Final Project Prototype

On April 13, 1861, Confederate forces launched a cannon barrage on the Union garrison occupying Fort Sumter in Charleston Harbor. This act of aggression signaled the start of the American Civil War. When we think of the Civil War as the conflict over slavery between the industrial North and the agrarian South for the unity of our country. While slavery was crucial part of the war, what most people miss is the impact the Civil War had on the Atlantic world. Industrialized European nations like Great Britain and France relied on cotton imports from the American South. When the war started, the cotton trade was disrupted which caused a ripple effect throughout the Atlantic world. Even though they were not directly involved in the conflict, Great Britain and France’s symbiotic relationship with the American South caused the European textile industry to be thrown into chaos. That leads to the focus of my final project. Due to the American Civil War, the production of cotton changed from a slave based economy to a system based on the manufacturing model. This change not only affected the United States and Europe, but it’s impact was felt worldwide.

Before the war, the American South was the leading cotton producer in the world. In his article, “Emancipation and Empire: Reconstructing the Worldwide Web of Cotton Production in the Age of the American Civil War,” Sven Beckert states that Civil War and the resulting cotton famine changed the cotton economy by shattering the planter-slave dynamic and having it replaced with a manufacturer-worker economy. Beckert states that the South produced over a billion pounds of raw cotton to European nations before the war.[1] Sticking to their antiquated system and their dominance in the market, the South relied on Europe’s hunger for cotton to keep themselves in power.[2] When the war broke out, Union warships established a blockade around Southern ports. This blockade not only stopped goods from Europe on the way to Southern ports, but it also reduced the flow of cotton to Europe. A prideful people, the Confederacy saw this as a threat to their sovereignty as new emerging nation, so they implemented a self-imposed embargo on Southern cotton. According to David M. Potter, the Southern embargo would force Great Britain and France to come to the aid of the Confederacy to break the Union blockade.[3] Using cotton as a bargaining chip, the South gambled on Europe’s need for American cotton. The gamble did not pay off and the South suffered economic destruction because of their pride.[4]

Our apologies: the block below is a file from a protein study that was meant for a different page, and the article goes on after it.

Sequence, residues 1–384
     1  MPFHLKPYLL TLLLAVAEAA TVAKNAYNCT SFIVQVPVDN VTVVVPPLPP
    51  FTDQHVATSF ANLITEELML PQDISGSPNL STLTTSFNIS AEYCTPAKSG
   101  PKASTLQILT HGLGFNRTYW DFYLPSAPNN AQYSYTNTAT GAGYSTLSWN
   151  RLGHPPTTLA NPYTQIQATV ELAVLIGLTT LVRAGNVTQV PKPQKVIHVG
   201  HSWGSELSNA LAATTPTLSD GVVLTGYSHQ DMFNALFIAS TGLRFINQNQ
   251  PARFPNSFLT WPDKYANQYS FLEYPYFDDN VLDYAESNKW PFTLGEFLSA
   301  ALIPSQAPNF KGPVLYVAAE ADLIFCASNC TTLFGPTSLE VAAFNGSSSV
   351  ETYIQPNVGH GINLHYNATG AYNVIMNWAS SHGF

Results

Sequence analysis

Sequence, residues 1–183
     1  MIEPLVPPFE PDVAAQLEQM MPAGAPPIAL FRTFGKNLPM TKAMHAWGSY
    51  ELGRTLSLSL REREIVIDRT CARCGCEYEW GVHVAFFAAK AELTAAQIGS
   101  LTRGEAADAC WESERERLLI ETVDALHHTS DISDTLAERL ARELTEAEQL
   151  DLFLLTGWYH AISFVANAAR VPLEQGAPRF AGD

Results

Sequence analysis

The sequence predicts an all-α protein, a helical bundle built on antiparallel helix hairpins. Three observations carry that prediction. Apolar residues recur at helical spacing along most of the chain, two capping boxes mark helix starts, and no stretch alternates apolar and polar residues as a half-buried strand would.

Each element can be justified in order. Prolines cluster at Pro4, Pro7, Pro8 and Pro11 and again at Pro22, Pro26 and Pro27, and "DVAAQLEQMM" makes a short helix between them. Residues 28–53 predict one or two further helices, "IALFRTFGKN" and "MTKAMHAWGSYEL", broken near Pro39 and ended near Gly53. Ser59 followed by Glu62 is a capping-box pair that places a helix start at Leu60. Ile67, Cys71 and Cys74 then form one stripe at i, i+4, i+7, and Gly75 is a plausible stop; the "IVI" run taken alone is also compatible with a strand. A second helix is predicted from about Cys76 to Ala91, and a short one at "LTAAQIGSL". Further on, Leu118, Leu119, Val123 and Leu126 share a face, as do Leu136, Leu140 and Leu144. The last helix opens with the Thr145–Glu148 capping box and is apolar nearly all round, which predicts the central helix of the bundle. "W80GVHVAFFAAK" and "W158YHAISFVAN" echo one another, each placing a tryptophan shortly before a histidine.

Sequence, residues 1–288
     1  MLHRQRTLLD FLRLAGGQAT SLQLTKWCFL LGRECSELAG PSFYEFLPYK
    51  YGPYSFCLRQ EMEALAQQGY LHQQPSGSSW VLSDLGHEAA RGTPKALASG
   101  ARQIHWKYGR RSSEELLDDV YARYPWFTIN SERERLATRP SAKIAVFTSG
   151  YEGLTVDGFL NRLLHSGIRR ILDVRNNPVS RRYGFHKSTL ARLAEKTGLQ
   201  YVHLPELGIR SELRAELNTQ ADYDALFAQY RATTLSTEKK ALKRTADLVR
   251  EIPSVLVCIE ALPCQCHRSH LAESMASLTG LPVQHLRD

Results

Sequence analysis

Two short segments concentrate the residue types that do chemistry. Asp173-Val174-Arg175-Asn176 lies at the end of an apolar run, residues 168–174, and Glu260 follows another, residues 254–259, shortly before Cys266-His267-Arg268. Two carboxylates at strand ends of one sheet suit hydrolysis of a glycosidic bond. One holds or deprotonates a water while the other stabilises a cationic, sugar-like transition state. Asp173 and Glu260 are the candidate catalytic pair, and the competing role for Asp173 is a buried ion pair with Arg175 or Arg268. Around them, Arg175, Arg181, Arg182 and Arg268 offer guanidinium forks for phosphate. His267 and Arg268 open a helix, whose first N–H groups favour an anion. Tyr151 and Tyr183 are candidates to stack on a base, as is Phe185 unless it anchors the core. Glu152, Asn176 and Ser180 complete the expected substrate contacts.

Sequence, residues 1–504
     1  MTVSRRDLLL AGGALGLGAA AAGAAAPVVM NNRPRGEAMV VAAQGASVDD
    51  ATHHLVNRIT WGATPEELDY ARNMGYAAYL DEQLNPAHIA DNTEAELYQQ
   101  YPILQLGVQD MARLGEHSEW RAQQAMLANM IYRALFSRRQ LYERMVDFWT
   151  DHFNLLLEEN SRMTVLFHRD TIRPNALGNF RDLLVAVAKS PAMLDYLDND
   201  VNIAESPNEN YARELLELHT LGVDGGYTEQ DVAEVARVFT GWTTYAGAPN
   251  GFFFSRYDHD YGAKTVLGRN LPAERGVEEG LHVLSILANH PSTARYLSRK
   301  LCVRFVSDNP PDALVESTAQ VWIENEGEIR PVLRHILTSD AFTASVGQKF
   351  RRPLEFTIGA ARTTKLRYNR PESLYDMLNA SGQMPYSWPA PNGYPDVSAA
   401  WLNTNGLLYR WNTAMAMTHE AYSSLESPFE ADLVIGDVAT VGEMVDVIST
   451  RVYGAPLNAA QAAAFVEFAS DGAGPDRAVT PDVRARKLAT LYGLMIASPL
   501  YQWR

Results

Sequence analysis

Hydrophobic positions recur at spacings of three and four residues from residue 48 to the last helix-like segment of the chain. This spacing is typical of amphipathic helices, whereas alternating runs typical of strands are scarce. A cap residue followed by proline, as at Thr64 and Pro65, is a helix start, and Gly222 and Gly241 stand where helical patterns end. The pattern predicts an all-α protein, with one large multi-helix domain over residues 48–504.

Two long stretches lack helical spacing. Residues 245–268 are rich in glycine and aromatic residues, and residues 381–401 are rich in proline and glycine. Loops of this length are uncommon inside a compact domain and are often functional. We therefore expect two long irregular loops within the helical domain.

On the other side of the Atlantic, both Great Britain and France were both feeling the sting of the Union blockade and the embargo. As a result, Europe in 1862 suffered from the “cotton famine.”[5] According to Beckert, the result of the  “famine,” led to the closing of textile factories in Lancashire which led to thousands of unemployed factory workers.[6] In his article, “A Reconsideration of the Lancashire ‘Cotton Famine’,” Eugene A. Brady states that there was no physical “cotton famine” because before the war, the South overproduced and shipped excess raw cotton  He goes on to say that the oversaturation of cotton products on the market led to a depression in Lancashire.[7]  Even though Great Britain played with the idea of breaking the blockade,[8] they were in the process of finding self-sufficient cotton market. They looked at Brazil, Egypt, the West Indies, and India. Even though the quality of Indian cotton is substandard to American cotton,[9] Great Britain found that their colony India was capable of meeting the demands of the British textile industry.[10] As a result, Gujarat, Deccan, and Khandesh became the biggest cotton producers in India. In order to control the means of production, Great Britain established new laws which limited communal land and placed the burden of success on the individual.[11] Since the regions were not close to Bombay City, which was the main cotton port in the 1860s, it took the cotton up to sixty days to travel from harvest to the port.[12] In order to bring the cotton to market sooner, Great Britain initiated the infrastructure investments which established railroads to port cities.[13] According to Frenise A. Logan, the standard of living rose in India, especially with the ryot, who were growing the cotton. Because of the high price of cotton, Logan goes on to say the ryot were able to pay off their debts.[14] Breckert paints a different picture of the ryot. He states that the ryot needed to take out loans to pay for land, seed, and tools. These loans were backed by the harvest potential of their cotton crop.[15] As a result, the landless agricultural workers rose to thirty to forty percent of the total population.[16] Whether it was beneficial for the indigenous population or not, India became the biggest cotton producer in the world until 1870.[17] The map from French civil engineer, Charles Joseph Minard will show the extent of the Indian cotton trade.